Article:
New teacher Alex Chavarria is a fan of TV shows from the ’80s


Hudha Khan

Alex Chavarria teaches civics, economy and U.S. history.

According to new SCHS staff member Alex Chavarria, being a teacher requires hard work. Though his occupation as a special education teacher is very time-consuming, Chavarria enjoys teaching because of the rewarding feeling that comes with seeing his students reach their goals in and after school.

“If [my students] are able to live on their own and be successful that way, that’s when I feel like I’ve done my job,” he said.

Chavarria, who used to work at a middle school, now teaches civics and economy and United States history to SCHS students with special needs. He also teaches two On Your Own classes, in which he helps students learn social skills and how to succeed as adults.

This task is difficult, especially with the challenges of a “new campus, new district, new students,” but Chavarria describes himself as a hardworking person. He spent the majority of his summer helping eighth graders transition to high school and was happy to be able to squeeze in a vacation to the Dominican Republic for a week with his girlfriend.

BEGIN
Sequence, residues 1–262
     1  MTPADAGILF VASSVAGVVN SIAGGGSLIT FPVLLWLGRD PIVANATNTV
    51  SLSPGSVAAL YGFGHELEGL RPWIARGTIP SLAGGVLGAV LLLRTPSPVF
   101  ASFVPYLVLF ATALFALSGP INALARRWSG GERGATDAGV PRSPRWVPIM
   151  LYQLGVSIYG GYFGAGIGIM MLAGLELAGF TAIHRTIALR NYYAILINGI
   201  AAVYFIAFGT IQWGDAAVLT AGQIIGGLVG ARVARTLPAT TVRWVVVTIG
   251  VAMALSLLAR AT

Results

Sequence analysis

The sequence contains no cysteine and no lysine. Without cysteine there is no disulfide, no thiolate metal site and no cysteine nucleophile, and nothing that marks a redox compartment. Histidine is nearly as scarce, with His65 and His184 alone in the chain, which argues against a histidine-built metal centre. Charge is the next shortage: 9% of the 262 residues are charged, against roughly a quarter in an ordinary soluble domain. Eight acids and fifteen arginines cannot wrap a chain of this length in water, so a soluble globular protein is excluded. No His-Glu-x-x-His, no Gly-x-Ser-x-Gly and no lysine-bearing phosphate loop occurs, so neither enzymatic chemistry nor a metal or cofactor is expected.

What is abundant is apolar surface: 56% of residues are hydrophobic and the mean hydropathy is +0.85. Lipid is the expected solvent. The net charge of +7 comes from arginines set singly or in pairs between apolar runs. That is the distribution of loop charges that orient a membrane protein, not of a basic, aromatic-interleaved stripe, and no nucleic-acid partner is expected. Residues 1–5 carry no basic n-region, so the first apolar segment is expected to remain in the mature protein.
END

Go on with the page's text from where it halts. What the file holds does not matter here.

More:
“We both needed it because we both work a lot,” he said.

When he can, Chavarria enjoys spending time with his family, working out and watching football, baseball and basketball on ESPN. He also watches TV shows, most of which are “super ‘80s,” according to Chavarria. He likes watching “The Fresh Prince of Bel-Air” reruns and “The Big Bang Theory,” and he recently started watching “Ballers” on HBO.

Chavarria also enjoys hanging out with dogs but has no pets of his own.

“My parents have two Maltese poodles, and my girlfriend has a Yorkie ‒ very big dogs.” Chavarria said with a laugh.

Chavarria, who likes to do a lot of self healing and reflection, recommends the book “I Got You” by Rob Hill Sr. He said the self-help book, in short, is about how to be a better person. In times like these, Chavarria believes all could benefit from advice in the book. Chavarria said the main thing people should be is caring.

“It doesn’t matter [what] your politics, your race, …gender or economic status [is],” Chavarria said. “Just care for one another.”